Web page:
Jump to content

Back 2 Black


Recommended Posts

Hi there,

after two years of inactivity, I'm back to woodworking. This time I've decided to make something simple, just to get the grips again, although I've noticed that's not necessary. This is like ride a bike, you learn but never forget.

 

000.jpg


So let's start... wood choice is:

- Alder body
- Flamed maple, mahogany and rock maple, 5 pieces laminated neck.
- Ebony fretboard

001.jpg

I also got some new tools...

002.jpg

I need to cut this rock maple blank in two parts, as it will be the core of the neck.

004.jpg

I've made a jig to keep the saw straight...

005.jpg

And it worked very well... :D

006.jpg

I also got a japanese saw, it works like a charm... but this cut took about 5 hours. It's called rock maple for a reason.

007.jpg

I feel like I've saved a lot of wood.

008.jpg

A router planner jig to set up the thickness...

009.jpg

And a flat sanding block I did from an old wardrobe... worked very well.

010.jpg

011.jpg

012.jpg

013.jpg

014.jpg

Then I drawn roughly the contour on the pieces...

015.jpg

And routed the front part

016.jpg

Here you go.

017.jpg

And here the mockup:

018.jpg

019.jpg

020.jpg

021.jpg

After sanding...

022.jpg

Truss-rod channel routed...

023.jpg

Fits nicely...

024.jpg

Glueing the ears to the headstock...

025.jpg

026.jpg

And the headstock first layer

027.jpg

028.jpg

I want to add two more veneers to the headstock in order to make a pseudo binding. I don't have much wood, so I need to bookmatch this remain from the neck...

029.jpg

030.jpg

And some binding for the fretboard...

031.jpg

032.jpg

Here the three veneers, now they are glueing.

033.jpg

And that's what I did so far... hope you like it.

Link to comment
Share on other sites

I will follow this. Your builds are always very clean and nice. Looking forward to this tis one evolve

Link to comment
Share on other sites

I will follow this. Your builds are always very clean and nice. Looking forward to this tis one evolve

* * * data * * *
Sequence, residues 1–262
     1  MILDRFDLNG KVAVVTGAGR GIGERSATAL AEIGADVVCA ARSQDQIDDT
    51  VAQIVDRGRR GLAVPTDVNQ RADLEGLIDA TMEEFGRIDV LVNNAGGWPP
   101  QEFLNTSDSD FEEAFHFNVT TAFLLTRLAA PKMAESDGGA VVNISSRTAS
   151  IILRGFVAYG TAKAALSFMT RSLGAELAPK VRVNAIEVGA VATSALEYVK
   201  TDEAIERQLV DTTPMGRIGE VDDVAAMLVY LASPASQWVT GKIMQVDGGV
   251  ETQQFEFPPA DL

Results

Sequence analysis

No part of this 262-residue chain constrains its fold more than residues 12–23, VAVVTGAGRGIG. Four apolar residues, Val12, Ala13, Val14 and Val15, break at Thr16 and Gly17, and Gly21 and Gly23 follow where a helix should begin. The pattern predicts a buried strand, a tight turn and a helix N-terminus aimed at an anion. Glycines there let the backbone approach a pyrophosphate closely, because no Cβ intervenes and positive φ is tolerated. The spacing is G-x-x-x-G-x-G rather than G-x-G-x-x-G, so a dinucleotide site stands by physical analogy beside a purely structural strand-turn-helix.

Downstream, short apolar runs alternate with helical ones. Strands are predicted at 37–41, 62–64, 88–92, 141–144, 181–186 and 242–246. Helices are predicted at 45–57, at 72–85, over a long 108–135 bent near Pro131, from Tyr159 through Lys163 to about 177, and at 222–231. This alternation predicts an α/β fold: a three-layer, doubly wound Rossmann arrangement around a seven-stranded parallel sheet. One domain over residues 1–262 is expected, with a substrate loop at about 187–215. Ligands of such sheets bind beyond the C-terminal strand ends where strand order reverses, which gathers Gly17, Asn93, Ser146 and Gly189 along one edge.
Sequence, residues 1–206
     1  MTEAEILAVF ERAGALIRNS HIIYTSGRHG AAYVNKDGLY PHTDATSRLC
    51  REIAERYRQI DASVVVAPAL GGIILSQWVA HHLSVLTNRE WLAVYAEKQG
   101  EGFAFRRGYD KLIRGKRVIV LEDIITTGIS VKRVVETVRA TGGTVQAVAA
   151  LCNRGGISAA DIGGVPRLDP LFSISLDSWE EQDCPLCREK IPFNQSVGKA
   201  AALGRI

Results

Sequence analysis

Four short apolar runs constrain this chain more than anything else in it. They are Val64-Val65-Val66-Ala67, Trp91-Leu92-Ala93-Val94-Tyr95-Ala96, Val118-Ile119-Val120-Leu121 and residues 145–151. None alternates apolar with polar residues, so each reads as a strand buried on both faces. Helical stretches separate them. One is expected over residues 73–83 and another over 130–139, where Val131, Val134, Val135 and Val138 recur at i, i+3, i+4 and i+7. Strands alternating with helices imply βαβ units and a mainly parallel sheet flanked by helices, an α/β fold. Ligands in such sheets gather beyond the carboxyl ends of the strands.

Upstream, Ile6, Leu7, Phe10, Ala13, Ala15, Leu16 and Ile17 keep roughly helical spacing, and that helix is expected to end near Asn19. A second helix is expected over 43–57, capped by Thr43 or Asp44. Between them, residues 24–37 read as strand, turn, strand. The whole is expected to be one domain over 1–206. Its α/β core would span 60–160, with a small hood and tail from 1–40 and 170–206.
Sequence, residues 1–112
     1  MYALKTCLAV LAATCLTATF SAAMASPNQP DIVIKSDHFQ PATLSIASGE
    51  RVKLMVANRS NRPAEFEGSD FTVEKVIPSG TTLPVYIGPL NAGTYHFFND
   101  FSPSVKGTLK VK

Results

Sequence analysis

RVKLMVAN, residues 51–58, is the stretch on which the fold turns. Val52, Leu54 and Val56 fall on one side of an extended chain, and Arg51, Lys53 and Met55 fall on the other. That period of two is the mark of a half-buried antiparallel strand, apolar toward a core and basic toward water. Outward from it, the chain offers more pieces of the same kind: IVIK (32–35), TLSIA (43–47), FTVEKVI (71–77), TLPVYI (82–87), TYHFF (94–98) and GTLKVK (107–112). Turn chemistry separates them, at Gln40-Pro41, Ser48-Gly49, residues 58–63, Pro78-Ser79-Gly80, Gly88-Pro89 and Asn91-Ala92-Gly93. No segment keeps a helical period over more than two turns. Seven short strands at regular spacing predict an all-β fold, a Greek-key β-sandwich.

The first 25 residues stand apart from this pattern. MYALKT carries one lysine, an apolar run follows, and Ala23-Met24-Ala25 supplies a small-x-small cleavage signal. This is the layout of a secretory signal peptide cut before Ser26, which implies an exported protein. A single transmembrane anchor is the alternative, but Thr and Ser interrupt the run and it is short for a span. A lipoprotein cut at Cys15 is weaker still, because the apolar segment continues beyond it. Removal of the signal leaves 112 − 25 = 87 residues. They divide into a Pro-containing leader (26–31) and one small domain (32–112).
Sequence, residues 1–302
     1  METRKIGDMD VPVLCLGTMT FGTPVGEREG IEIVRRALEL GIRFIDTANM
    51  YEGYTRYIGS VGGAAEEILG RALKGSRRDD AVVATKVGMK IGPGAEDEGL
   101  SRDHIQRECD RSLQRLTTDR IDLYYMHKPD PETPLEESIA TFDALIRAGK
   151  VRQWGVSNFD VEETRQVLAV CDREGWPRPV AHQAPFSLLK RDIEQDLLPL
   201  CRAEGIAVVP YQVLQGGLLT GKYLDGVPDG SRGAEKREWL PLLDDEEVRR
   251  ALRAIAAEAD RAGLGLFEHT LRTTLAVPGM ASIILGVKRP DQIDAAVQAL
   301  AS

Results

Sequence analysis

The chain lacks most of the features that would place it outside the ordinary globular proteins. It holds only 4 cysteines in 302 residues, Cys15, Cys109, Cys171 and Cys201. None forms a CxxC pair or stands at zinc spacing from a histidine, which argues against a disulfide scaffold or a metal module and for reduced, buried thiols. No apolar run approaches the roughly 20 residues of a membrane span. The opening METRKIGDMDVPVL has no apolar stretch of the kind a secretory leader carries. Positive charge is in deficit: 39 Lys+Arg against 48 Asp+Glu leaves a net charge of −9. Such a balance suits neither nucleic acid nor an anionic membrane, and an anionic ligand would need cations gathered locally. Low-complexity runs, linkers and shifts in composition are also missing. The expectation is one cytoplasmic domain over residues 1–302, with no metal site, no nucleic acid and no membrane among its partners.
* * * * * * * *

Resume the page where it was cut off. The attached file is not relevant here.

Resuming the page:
Indeed, and likewise.

I thought I had a penchant for doing things the long hard way, but your resawing methods and perseverance are awe inspiring! Very clever tool guides and work aids too.

SR

Link to comment
Share on other sites

I thought I had a penchant for doing things the long hard way, but your resawing methods and perseverance are awe inspiring! Very clever tool guides and work aids too.

SR

Glad you appreciate the hard work, that cut reached the limits of my patient. I seriously thought on going to a carpenter, which could make that cut in a minute, but since I don't know any carpenter here in Vienna, I was afraid about losing the whole day looking for someone who speak english and start kinda friendship or at least having some confidence... so finally decided to spend the time cutting rather than hunting. There in Spain it was easier, also had a car to transport wood stuff and so on, but here I feel a little bit alone and limited in these aspects.

Link to comment
Share on other sites

I can't imagine being that far removed from home.

I am glad you have gotten to a point where you can resume building though.

SR

One should go to other countries just for pleasure, not because the needs... I was waiting for two years to have a place where I can build guitars, otherwise my life wouldn't make any sense. :)

Link to comment
Share on other sites

Man, 5 hours for 1 cut!!?? you sir, have some serious patience. I consider myself pretty patient but that is just absurd to me! I always love my bandsaw more and more every day.

Glad building still feels natural to you. I go a few weeks without working on guitars and i forget a lot of things.

Link to comment
Share on other sites